Wednesday, November 30, 2016

How to Fix Bad iOS 10 Battery Life

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iOS 10 problems still include battery life issues and today we want to show you how to potentially fix bad battery life on your iPhone, iPad or iPod touch.


In September, Apple released its iOS 10 operating system for select iPhone, iPad and iPod touch models around the world.

Since then, the company’s pushed several updates to iOS 10 users. These updates have delivered new features and bug fixes for lingering iOS 10 problems.

And while many iOS 10 issues have been eradicated, many remain. iOS 10.1.1 users continue to complain about various issues including abnormal battery drain.


Battery drain is a common iOS problem and it pops up every time Apple releases an update for the iPhone, iPad and iPod touch.

iOS updates aren’t supposed to have a negative effect on your device’s battery life so we’re not surprised to see some iPhone and iPad users expressing frustration with Apple’s latest operating system.



Many iOS 10 users are running into issues on their device. Complaints about iOS 10.1.1 battery life issues have picked up over the past few days and it’s unclear if Apple’s next big update, iOS 10.2, will fix them.

How to Fix Bad iOS 10 Battery Life

If your iOS 10 battery life fails to settle down after a couple of days with the new update on board, you have a problem. Fortunately, there are more than a few potential remedies for iOS 10 battery life issues out there.

This guide will show you how to potentially fix bad iOS 10 battery life on your iPhone, iPad or iPod touch. Battery drain issues can be tricky but these fixes have worked well for us, and others, in the past.

Keep them in mind as we push away from the iOS 10 release date. Battery life issues can popup at any time.

Check Your Apps

Before you blame iOS 10 for your battery troubles, note that there’s a very good chance it’s something else causing the battery drain on your iPhone or iPad.

If your battery life starts acting up with iOS 10 on board, the first place to look is at your collection of applications. There’s a very good chance an app, or apps, is hogging your device’s resources and causing the problem.

The first place you’ll want to look is your Settings. Go into Settings > Battery and get familiar with the Battery Usage tool that arrived with the iOS 9 update last year.


This tool will show you what apps are eating the most battery and when. Look for something out of the ordinary.

If you do see something odd, check the App Store for an update. Developers are rolling out bug fixes and iOS 10 support updates that could improve performance.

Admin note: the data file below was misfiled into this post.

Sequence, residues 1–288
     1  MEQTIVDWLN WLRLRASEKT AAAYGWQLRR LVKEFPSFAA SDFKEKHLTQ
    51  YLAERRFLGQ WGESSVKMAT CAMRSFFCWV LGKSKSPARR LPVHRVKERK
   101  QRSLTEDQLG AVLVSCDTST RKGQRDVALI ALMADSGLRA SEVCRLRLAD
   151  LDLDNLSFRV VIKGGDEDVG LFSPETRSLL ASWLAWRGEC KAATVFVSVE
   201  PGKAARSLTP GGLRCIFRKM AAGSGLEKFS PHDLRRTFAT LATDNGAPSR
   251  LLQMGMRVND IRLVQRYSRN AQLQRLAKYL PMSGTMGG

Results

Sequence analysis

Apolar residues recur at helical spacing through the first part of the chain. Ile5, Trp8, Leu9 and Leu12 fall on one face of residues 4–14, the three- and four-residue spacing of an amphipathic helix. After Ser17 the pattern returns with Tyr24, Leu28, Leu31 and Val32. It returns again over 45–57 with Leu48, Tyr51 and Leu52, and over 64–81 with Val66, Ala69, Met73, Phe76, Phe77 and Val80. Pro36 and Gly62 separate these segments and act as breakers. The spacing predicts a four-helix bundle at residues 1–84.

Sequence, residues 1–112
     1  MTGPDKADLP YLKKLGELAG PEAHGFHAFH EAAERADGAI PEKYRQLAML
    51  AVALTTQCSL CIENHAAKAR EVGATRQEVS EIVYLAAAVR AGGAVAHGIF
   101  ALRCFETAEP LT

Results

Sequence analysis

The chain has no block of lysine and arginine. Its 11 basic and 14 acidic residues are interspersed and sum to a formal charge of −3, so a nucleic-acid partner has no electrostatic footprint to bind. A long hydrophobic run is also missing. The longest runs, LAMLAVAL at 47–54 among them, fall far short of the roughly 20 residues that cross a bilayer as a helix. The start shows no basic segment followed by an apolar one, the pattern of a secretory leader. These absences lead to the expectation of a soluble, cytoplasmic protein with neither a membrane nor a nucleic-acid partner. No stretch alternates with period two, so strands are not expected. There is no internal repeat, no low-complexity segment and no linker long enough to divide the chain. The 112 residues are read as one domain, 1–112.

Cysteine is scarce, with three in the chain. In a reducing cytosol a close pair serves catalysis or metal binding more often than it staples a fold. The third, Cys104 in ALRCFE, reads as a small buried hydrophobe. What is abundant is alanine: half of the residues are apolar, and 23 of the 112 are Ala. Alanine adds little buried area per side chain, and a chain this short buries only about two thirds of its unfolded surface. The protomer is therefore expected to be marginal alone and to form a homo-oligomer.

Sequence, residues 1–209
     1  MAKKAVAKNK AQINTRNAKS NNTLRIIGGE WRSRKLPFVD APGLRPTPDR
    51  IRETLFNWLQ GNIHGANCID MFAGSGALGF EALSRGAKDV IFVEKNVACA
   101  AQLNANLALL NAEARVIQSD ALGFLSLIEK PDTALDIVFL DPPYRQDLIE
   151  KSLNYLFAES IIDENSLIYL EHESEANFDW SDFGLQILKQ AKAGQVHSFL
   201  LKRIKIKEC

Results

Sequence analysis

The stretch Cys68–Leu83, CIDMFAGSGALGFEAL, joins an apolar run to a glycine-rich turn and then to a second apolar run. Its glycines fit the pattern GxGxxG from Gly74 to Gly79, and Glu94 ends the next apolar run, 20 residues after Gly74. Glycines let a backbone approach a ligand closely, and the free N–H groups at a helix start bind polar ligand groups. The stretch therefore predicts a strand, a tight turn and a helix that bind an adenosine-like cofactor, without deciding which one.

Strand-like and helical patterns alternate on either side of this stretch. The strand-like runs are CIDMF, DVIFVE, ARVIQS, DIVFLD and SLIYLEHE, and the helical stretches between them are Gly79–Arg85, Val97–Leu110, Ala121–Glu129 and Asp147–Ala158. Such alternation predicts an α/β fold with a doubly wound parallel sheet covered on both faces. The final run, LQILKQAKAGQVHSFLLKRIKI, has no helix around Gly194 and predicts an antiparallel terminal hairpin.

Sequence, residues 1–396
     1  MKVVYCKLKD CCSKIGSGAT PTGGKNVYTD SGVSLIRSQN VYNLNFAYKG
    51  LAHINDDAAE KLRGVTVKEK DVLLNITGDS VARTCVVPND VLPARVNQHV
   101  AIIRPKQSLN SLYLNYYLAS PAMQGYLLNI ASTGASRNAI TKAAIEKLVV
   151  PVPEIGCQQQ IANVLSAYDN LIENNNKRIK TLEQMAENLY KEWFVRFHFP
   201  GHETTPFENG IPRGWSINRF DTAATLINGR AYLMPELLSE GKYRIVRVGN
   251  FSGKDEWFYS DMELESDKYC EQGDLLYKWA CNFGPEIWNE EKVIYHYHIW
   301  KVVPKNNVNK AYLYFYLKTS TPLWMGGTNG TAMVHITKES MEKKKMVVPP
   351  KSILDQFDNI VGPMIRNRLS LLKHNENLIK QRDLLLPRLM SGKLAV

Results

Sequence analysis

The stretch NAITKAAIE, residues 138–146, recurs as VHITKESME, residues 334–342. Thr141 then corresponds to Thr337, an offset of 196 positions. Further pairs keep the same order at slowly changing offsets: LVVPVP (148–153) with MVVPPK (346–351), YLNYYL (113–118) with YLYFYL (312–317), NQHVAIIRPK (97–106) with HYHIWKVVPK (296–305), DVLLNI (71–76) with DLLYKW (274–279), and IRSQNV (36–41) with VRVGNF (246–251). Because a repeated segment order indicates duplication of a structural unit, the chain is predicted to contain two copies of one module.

If an update fails to cure the issue, try reinstalling or uninstalling the app completely to see if that helps settle your device’s battery.

Use Low Power Mode

If you haven’t been using iOS’ built-in Low Power Mode, now would be a good time to get familiar with this important feature.

The iOS 9 update delivered a new feature called Low Power Mode. It’s important because it allows you to stretch out the last 10-20% of battery life on your device without having to make a bunch of manual changes.

To enable Low Power Mode on your device go to Settings > Battery > Low Power Mode > On. This feature will help you conserve a few hours of battery life.

Start using this feature on a regular basis.

Use Airplane Mode

If you suddenly start experiencing rapid battery drain, it might be because you’re in an area with poor cellular coverage.

When you are in a bad service area, your iPhone or iPad will work hard to try and find a signal. This can cause your battery to drain rapidly. This is a perfect time to flip on Airplane Mode.


Airplane Mode is found at the very top of your Settings and it will kill all of your connections when turned on. If you’ve done any air travel during the past few years, you’re probably familiar with the feature.

Once you’ve entered a new service area, turn Airplane Mode off and you should notice an improvement to your device’s battery life.

Disable iCloud Keychain

If you don’t use iCloud Keychain, try disabling it to see if that improves battery life. This has worked for a number of people in the past.

To disable iCloud Keychain on your device, you’ll want to go into Settings > iCloud > Keychain > Toggle iCloud Keychain off.

If it doesn’t have a positive impact on battery, you can always toggle it back on when you need it again.

Limit Background App Refresh

Do you need your apps to automatically refresh in the background? No? Well then you might want to try disabling the Background App Refresh feature on your device. It could help you conserve battery life.

Background App Refresh is handy because it will allows your apps to show you the latest data once you open them. It can also be a resource hog.

If you don’t use or care about this feature, go to Settings > General > Background App Refresh > and turn it off for each app that is using too much power. It’s going to be an extremely tedious process for some of you but it could help your battery life.